HBO continues their reign with “House of the Dragon”.

Sophia Prichard, Sr. Editor

This article contains possible spoilers for Game of Thrones and House of the Dragon.

The prequel series of the hit HBO original Game of Thrones, House of the Dragon is likely one of the most popular television series of 2022, alongside shows like Euphoria. The series is based on the Targaryen’s, an ancient royal family of the fictional continent of Westeros. In the series Game of Thrones, one of the main protagonists of the ensemble cast, Daenerys, is a descendant of the characters in House of the Dragon

Critics have sung the praises of George R. R. Martin’s A Song of Ice and Fire for what feels like eons. And for good reason, because anyone with eyes can see just how remarkable his world is. Strong female characters- emphasis on strong rather than female- and expansive lore have made Westeros an escape for many a nerd. 

However, this critic is left with some major feelings about some of the choices writers have made on House of the Dragon. The series starts with the younger versions of the main characters Rhaenyra and Alicent, and then about half-way through the first season skip to their adult versions. The transition isn’t all that horrible, especially since the casting directors are scarily good at their jobs. However, a lot of story seems to be missing from that time jump. As a viewer, characters like Laenor and Harwin Strong lack depth and in Harwin’s case connection. It’s revealed to the audience that Rhaenyra and Harwin have an affair and a lot of affection for one another, but we don’t see this connection. It’s a well-known rule in storytelling to show, not tell. It’s all fine and dandy that these characters have a relationship, but the scenes between them aren’t all that convincing.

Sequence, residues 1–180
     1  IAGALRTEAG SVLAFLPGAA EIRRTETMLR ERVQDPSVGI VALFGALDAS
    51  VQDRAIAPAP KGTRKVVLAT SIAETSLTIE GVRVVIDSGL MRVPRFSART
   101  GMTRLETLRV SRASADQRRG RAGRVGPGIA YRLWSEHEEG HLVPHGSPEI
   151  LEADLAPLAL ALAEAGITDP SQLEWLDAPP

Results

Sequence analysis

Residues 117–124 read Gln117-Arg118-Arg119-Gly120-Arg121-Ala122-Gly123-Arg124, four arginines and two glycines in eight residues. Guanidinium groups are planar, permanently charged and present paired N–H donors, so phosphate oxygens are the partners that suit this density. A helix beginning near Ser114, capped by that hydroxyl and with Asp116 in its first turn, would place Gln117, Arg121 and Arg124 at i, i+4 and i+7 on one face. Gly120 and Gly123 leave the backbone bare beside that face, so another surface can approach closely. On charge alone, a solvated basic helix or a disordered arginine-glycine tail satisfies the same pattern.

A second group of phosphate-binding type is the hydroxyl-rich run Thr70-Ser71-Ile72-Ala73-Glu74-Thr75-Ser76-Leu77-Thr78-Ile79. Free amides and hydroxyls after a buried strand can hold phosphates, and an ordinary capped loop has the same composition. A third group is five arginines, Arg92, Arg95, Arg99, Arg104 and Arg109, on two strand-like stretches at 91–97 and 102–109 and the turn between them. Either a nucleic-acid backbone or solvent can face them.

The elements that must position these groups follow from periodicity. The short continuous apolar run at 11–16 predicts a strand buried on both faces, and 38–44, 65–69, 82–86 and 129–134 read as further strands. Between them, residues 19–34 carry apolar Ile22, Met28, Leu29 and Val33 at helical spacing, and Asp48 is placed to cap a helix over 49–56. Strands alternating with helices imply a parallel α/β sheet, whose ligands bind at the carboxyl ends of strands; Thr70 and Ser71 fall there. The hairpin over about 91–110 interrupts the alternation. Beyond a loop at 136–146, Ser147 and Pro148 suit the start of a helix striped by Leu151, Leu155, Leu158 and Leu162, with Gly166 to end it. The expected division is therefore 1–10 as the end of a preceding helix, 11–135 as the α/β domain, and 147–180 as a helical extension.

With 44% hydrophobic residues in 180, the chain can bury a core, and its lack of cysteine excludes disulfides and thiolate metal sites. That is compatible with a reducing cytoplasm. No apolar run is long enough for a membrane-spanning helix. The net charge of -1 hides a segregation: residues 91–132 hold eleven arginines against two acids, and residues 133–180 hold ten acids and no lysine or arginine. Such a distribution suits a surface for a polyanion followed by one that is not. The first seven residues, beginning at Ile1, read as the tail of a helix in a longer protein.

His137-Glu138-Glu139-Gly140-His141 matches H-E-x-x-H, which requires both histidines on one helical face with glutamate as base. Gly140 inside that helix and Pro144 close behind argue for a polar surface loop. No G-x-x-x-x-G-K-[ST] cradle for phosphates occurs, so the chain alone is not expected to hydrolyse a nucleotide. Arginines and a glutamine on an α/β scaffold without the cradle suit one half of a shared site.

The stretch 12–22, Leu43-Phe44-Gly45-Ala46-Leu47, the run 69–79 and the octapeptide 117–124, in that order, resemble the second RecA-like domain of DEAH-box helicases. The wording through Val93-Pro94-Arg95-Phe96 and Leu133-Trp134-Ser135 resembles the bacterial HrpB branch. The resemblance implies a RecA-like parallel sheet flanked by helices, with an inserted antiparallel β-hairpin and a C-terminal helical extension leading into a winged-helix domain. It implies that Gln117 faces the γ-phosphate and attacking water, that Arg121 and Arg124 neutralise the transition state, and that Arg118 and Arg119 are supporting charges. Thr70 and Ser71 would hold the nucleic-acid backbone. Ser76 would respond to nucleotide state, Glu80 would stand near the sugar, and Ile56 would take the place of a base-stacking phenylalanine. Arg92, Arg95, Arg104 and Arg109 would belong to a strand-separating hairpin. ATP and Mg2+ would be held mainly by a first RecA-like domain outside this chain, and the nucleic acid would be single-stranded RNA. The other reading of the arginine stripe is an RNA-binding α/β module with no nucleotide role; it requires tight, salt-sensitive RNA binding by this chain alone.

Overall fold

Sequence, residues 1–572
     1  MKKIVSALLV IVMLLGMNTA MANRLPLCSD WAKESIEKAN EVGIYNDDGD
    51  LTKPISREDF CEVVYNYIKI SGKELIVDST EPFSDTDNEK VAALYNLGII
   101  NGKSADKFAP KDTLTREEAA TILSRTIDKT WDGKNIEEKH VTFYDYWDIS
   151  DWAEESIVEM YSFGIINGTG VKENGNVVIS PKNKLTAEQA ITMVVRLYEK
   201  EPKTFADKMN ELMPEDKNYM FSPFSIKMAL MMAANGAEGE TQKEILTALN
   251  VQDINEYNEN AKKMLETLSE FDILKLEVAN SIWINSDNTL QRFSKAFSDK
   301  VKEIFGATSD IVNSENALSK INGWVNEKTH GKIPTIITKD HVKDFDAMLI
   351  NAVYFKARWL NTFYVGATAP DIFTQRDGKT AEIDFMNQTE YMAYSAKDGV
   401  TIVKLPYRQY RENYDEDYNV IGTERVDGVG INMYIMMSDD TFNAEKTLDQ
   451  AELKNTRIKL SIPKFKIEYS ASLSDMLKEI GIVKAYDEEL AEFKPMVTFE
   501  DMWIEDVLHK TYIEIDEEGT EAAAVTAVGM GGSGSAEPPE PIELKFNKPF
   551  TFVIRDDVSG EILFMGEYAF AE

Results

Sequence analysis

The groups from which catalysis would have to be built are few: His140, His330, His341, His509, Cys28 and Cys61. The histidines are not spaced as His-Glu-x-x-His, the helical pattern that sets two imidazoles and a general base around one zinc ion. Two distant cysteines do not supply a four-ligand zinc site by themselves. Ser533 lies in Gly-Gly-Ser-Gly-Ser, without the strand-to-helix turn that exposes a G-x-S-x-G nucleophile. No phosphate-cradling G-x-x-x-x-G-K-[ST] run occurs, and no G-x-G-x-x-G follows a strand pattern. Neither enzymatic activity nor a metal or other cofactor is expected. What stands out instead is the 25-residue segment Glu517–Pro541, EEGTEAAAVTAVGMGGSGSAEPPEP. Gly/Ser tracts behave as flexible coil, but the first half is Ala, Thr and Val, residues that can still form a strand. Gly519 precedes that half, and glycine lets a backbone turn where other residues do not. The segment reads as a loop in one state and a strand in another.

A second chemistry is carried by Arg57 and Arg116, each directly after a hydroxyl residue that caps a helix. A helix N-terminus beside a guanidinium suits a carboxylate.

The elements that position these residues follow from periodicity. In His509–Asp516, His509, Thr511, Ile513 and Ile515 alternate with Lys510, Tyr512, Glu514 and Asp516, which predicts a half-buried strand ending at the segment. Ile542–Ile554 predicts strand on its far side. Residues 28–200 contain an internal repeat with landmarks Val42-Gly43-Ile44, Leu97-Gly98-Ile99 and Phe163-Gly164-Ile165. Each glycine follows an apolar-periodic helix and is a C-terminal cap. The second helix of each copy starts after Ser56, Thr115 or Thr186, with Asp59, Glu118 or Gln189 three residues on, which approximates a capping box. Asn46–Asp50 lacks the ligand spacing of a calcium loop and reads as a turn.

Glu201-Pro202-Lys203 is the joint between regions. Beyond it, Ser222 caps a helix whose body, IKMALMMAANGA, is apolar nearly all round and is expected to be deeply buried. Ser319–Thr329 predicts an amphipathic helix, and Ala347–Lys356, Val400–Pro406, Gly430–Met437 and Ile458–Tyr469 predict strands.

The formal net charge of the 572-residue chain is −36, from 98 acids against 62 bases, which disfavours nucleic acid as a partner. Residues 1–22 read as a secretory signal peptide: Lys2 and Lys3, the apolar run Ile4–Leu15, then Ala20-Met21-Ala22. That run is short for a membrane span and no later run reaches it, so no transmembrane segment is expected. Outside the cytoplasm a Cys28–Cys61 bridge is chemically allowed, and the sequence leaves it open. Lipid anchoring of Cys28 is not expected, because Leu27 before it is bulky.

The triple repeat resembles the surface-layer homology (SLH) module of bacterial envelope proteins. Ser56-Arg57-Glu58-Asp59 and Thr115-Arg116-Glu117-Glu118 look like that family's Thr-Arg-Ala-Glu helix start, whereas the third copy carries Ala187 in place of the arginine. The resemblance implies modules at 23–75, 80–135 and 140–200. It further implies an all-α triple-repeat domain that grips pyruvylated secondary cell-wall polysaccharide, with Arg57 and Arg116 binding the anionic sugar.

Many Game of Thrones fans have drawn parallels between Rhaenyra and Daenerys, which is warranted considering the writers seemed to have done this intentionally, as the first Targaryen queen compared to the last of their dynasty. The differences between the two queens, though, is much more interesting. Daenerys’ journey in Game of Thrones is a climb to her throne, with trials and tribulations in order to be able to obtain what she sees as her birthright. Rhaenyra, on the other hand, seems to reject the very power that her descendant seeks. She views it as a trap, even saying in one scene that she wishes she could just stay with her best friend, Alicent, and ride her dragon. 

While there was trepidation behind the idea that the writing for House of the Dragon may lack the nuance that made the characters of Game of Thrones so interesting. This first season shows that this is not the case, as characters like Daemon and Alicent are just as calculated and practically cruel as characters like Cersei or Tywin. However, in the writers’ quest for morally gray, they seem to distract from solid characterization. Daemon Targaryen, for instance, is unpredictable and yet very charismatic. Viewers are left confused by some of his actions. For one moment he is cunning, the next he seems pitiful. 

These writing issues will hopefully be quelled in the 2 years until the next season, which leaves many wondering what to do in the meantime. For some suggestions, if you haven’t already watched the original Game of Thrones, you probably should. And if you have way too much free time, George R.R. Martin’s A Song of Ice and Fire book series is in fact the source material for all of the Westerosi universe.